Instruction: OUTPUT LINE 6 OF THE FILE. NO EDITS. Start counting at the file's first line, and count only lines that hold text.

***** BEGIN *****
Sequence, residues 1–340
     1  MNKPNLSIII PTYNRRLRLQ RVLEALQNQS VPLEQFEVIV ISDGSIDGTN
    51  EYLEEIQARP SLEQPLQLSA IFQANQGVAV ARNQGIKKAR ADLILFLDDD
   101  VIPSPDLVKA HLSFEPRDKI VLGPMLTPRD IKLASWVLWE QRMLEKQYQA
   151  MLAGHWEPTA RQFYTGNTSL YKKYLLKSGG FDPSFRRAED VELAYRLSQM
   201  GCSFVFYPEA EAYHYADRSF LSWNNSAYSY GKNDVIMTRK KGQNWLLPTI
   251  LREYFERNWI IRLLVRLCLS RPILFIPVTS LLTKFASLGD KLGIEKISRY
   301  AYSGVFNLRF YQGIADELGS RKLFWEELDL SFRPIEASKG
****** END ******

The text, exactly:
   201  GCSFVFYPEA EAYHYADRSF LSWNNSAYSY GKNDVIMTRK KGQNWLLPTI